More Children Killed in Central African Republic Amid Escalating Violence

In the face of the intensifying violence in the Central African Republic (CAR), more and more children are being killed and injured, says UNICEF. UNICEF is calling on all armed groups to stop actions that are putting civilian lives at risk, either through fighting or by preventing humanitarian aid reaching those in need. “Children are caught in the crossfire in their daily activities, even when playing football or attending church. This is outrageous,” said Souleymane Diabate, UNICEF’s Representative in the Central African Republic.

NEW YORK (April 17, 2013) – In the face of the intensifying violence in the Central African Republic (CAR), more and more children are being killed and injured, says UNICEF. UNICEF is calling on all armed groups to stop actions that are putting civilian lives at risk, either through fighting or by preventing humanitarian aid reaching those in need.

“Children are caught in the crossfire in their daily activities, even when playing football or attending church. This is outrageous,” said Souleymane Diabate, UNICEF’s Representative in the Central African Republic. “Today, there are fewer and fewer places where children from the Central African Republic are safe.”

Three weeks after the Seleka alliance, a rebel group, seized power in a military coup, widespread insecurity, looting and violence have put the lives of Central African children at greater risk than ever. Since last Friday, fighting taking place in the capital city of Bangui has claimed the lives of at least three children and left 25 others injured, with four in critical condition.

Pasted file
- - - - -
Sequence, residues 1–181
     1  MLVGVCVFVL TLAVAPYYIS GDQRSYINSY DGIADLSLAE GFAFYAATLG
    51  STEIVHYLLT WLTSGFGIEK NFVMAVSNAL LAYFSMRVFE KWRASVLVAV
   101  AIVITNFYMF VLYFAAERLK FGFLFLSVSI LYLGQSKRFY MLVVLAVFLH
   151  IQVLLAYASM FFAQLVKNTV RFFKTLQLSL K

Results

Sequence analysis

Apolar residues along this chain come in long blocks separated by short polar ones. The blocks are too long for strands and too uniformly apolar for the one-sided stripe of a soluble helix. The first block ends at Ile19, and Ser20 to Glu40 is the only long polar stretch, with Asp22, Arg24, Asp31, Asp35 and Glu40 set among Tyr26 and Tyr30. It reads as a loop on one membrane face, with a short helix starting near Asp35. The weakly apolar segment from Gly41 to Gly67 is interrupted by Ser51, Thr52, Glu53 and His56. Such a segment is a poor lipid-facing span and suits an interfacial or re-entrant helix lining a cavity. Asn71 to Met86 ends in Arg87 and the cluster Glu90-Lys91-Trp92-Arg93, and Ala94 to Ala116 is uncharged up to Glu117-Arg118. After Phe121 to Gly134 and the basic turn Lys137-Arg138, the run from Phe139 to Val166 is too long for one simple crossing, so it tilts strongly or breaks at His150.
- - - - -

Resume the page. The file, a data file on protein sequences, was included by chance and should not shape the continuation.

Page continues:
Since renewed clashes erupted at the end of March, many children have been victims of stray bullets, while others have been recruited into armed groups. There has also been a documented increase in cases of sexual violence.

“We are seeing a country quickly sliding into chaos with more children’s lives endangered,” said Diabate. “Violence against children must stop. These acts in which innocent people have been killed and wounded must be investigated immediately by the authorities in power.”

Last week, UNICEF distributed emergency surgical kits, health equipment and medicines to 15 health centers, four hospitals and a maternity clinic in and around Bangui. Children injured last week have received emergency medical care with UNICEF supplies.

Yet, there is still a severe shortage of surgical facilities, supplies, and qualified doctors and nurses across the country as insecurity continues to prevent humanitarian access to much of the country.

UNICEF calls on the international community to mobilize urgently needed humanitarian funding and to actively engage in conflict resolution efforts in order to immediately halt the violence, which is putting the lives and futures of CAR’s children at grave risk.

About UNICEF

The United Nations Children’s Fund (UNICEF) works in 190 countries and territories to save and improve children’s lives, providing health care and immunizations, clean water and sanitation, nutrition, education, emergency relief and more. The U.S. Fund for UNICEF supports UNICEF's work through fundraising, advocacy and education in the United States. Together, we are working toward the day when ZERO children die from preventable causes and every child has a safe and healthy childhood. For more information, visit www.unicefusa.org.

For additional information, please contact:

Susannah Masur, U.S. Fund for UNICEF, 212.880.9146, smasur@unicefusa.org
Kiní Schoop, U.S. Fund for UNICEF, 212.922.2634, kschoop@unicefusa.org